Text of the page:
The wait is over: 5G service is finally becoming available across the U.S., with city-by-city rollouts being launched by virtually every major wireless telecommunications service provider. Asia isn't far behind, although trade tensions and the impact of the coronavirus epidemic could result in rollout delays in China and other countries. Adoption in Europe will likely be relatively slow, a result of the region’s high population density and lower-cost broadband infrastructure.
Carriers are currently going to great lengths to position themselves as 5G leaders, even going as far as accusing competitors of overstating their claims despite the technology's relative infancy and limited consumer awareness, noted Chris Bastian, senior vice president and CTIO for SCTE-ISBE, a professional organization addressing the needs of the cable and telecommunications industries. "We will see a full realization of 5G's benefits—and challenges—over the next several years," he predicted.
As the 5G rollout gains momentum, adopters can expect significant improvements in their cellular service. Bastian identified seven key areas:
- Higher speed. Peak data rates of up to 20Gbps on the downlink and 10Gbps on the uplink
- Lower latency. Users can expect 5ms latency to the network edge. "Many applications, such as financial and gaming, perform better with lower latency," Bastian noted.
- Improved reliability. A sustained 99.999% reliability level.
- Enhanced density: The ability to support up to 1 million devices per square kilometer.
- Greater volume: A throughput of up to 10 terabits per second per square kilometer.
- Increased mobility: Services can remain connected while a user or system device travels up to 500 kilometers per hour.
- Better energy efficiency: A significant reduction in power consumption compared to 4G.
If things play out as many industry observers expect, 5G will revolutionize smart city Internet of Things (IoT) technologies. "This field is growing rapidly, but until now there wasn’t an existing baseband capable of handling the immense data throughput needed to fully connect a city and all of its individual vehicles, handsets, traffic lights, public transport, security, and emergency services," said Tyler Cooper, editor-in-chief of BroadbandNow, a website that tracks U.S. broadband providers. "In theory, 5G small cell technology paves the way for this," he added. Smart technologies designed for use in residences, agriculture, manufacturing, and industries also stand to benefit from super-fast 5G links.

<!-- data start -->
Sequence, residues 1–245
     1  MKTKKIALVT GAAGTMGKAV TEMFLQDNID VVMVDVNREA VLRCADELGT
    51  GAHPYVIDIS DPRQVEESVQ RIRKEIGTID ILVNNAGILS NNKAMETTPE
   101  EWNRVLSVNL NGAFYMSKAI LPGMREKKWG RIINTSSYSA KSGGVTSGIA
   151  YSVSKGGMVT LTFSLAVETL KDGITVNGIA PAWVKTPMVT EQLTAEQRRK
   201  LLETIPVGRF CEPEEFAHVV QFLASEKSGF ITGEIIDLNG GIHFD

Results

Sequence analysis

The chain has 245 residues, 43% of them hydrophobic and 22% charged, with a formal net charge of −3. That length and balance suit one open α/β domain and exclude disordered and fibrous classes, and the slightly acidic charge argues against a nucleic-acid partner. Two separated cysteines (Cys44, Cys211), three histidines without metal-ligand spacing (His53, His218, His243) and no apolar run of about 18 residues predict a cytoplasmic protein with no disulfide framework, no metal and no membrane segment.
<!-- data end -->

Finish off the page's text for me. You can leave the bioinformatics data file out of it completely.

There's also growing interest in 5G's potential to improve with emergency response systems. "People in duress will be able to call for help, and first responders will be able to communicate with each other, even in times of increased network congestion," Bastian predicted.
As the 5G rollout continues, the technology could also serve as an alternative residential broadband choice, giving cable competitors some much needed competition. Recognizing 5G's potential, entertainment, and sports organizations are looking forward to gaining the ability to deliver a significantly enhanced anytime, anywhere media experience. "A combination of virtual reality (VR) and augmented reality (AR) capabilities, with ultra-high-fidelity enabled by 5G, could transform the way fans interact with sporting or entertainment events," said Amit Sachdeva, global head of business development, alliances and partnership strategy, mobility and IoT, at Indian telecommunications firm Tata Communications. "There's already a lot of excitement about these types of use cases [and] the potential revenue benefits," he noted.